From time to time, when letting
off steam about being constantly stared at, someone (it’s usually a man) will
“Well waddya expect.You’ve got PINK hair.Hullo??”
Which shows that some, at least,
of the Westerners I meet in China, think I have pink hair because I WANT people
to look at me. These are, once again, usually men.
Because any foreign woman in
China understands how it feels to be scrutinized,from head to toe and all places in between,
by elderly men, young kids, curious contemporaries, and Uncle Tom Cobbley and
All. It’s very, very difficult to try not to feel somehow violated. Women seem to
react to being stared at in a completely
different way to men.
Though everyone has their tolerance point, men
seem either not to notice the staring, or to bask, somewhat, in it. Then when
it gets uncomfortably intrusive they tend to get angry.It’s probably this, coupled with the fact
that foreign men are, on the whole, bigger, hairier and more unpredictable than
their female counterparts, which results in them not having to go through the
same experiences as women.
So I dyed my hair bright,
shocking, neon pink not long after I arrived because I couldn’t shake my
seemingly irrational conditioning that this behavior signaled something bad.
I don’t think I’ve ever been in a
country, however, where people stare so blatantly, extendedly and so
imperviously as they do in China.My
conditioning led me to think that being stared at in public was what happens in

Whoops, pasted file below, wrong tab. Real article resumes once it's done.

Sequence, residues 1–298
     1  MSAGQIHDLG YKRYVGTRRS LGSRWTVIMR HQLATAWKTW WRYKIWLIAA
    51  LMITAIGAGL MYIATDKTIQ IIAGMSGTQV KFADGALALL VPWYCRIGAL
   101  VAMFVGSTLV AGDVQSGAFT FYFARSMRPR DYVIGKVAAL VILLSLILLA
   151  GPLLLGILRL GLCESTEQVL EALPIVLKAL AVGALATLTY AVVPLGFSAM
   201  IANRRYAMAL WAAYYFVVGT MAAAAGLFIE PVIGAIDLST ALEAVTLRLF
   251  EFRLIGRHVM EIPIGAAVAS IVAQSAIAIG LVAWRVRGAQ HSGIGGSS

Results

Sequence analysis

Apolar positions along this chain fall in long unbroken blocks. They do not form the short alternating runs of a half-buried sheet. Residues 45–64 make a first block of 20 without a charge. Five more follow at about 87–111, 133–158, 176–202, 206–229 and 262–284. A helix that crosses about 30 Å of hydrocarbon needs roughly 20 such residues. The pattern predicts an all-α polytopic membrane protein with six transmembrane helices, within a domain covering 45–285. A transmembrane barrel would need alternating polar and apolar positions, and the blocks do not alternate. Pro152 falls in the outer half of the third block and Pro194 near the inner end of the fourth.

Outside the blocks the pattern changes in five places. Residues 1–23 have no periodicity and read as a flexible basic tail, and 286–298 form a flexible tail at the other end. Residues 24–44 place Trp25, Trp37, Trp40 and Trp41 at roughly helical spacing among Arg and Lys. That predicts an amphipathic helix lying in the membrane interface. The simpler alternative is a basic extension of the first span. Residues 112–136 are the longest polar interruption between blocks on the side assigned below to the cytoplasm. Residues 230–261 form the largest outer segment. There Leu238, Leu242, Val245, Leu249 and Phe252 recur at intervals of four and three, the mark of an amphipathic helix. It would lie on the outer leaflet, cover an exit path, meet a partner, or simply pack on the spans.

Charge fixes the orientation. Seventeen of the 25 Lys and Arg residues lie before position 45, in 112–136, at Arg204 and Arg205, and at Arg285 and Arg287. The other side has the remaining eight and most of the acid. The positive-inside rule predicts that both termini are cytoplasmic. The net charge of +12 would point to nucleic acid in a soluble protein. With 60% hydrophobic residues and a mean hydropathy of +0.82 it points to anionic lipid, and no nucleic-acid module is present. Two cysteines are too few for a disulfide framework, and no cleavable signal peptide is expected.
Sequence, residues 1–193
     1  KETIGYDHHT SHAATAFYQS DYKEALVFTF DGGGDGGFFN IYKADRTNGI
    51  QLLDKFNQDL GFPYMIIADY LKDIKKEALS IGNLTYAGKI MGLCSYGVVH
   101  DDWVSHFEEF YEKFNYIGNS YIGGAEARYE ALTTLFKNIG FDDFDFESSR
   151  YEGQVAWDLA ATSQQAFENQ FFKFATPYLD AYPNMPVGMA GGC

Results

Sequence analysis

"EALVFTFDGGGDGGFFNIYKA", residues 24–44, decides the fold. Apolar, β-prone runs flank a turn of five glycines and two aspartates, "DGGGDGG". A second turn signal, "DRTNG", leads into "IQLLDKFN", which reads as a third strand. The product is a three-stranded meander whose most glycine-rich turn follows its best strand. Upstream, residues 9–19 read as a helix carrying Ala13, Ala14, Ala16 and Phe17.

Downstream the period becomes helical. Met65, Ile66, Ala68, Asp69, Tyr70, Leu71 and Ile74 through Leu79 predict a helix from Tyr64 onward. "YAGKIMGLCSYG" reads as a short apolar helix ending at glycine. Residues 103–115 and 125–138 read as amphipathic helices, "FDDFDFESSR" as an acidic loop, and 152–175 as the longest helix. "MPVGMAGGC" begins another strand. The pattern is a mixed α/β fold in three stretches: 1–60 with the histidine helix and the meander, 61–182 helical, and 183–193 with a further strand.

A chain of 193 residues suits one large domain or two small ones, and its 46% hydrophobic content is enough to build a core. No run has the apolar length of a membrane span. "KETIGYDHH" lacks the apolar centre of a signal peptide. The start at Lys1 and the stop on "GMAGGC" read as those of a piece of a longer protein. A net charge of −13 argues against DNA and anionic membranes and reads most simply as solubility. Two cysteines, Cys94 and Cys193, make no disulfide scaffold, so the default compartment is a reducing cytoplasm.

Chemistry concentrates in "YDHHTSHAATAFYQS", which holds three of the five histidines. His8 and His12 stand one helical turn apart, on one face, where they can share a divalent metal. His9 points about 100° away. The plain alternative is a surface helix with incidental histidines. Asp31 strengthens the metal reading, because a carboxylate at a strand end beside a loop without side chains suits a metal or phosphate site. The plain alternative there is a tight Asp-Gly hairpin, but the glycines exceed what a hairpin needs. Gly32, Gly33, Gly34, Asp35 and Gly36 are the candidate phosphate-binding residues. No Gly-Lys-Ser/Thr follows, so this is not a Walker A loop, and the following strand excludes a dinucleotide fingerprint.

those nightmares when you turn up for some event with no clothes on. Or you
were behaving, or looking, in some way not socially acceptable.
So, try as I may, I could not rid
myself of the idea that there was something wrong with me: did I have parsley
in my teeth? Was my skirt tucked into the back of my knickers? (oddly enough,
the day I actually paraded through the city in that state I found that no-one
affords it even a flicker of a glance. Which means not one soul took pity on me
as I sashayed through a city of 8 million people displaying my g-string and,
consequently, bottom cheeks to a goodly percentage of that 8 million).
So finally, when I realized I was
actually becoming reclusive, I marched in to the village hairdresser with a
neon ribbon in my hand, pointed to it and to my hair a few times and he got the
From the minute I walked out of
the hairdressers, I stopped fearing people were staring at the parsley, or my
knickers. Or my bum-cheeks. Now, every
time I was surrounded by a ring of impassive faces silently staring, I would
know exactly why – they would be staring at my hair. There was a reason for their
behavior which didn’t involve the idea that I was, in some way that everybody
but I knew about, transgressing in some way.Nah.They’re just staring at the
End of reclusive period.
But the thing is that now, over
time, I have come actually to be, for the first time ever, perfectly happy with
my hair.Not that I ever give it much
thought until I see the roots are growing out again. Pink has just come to be
the colour of my hair – the same way ‘mouse’ used to. (“Mouse” was what my
father actually wrote when he filled in a box marked “Colour of Eyes” in my
first passport application).
Not that it stayed mouse for very
long. I’ve always had a need – doubtless due to my father – to change the colour
of my hair frequently.
By now however, and for most of
the past half a dozen years, it’s pink.
Now in China the fact that I have
pink hair does not actually outweigh the other thing about me that causes
people (quite literally!) to walk into lampposts: I’m a foreigner.Foreigners are strange.Middle-aged foreign women are the strangest
species of all.
Foreigners aren’t judged on their differences;
assumptions aren’t made about them based on the way they look.
So it gives me great pause to
wonder: what’s it going to be like going back to where I’ll be part of the
majority and no longer a seldom-spotted species about whom or what nothing is
Is the way different people will
see me, in a culture that makes a snap judgement within the first few seconds
of seeing a person, going to effect me? Marginalize me? Label me in some way?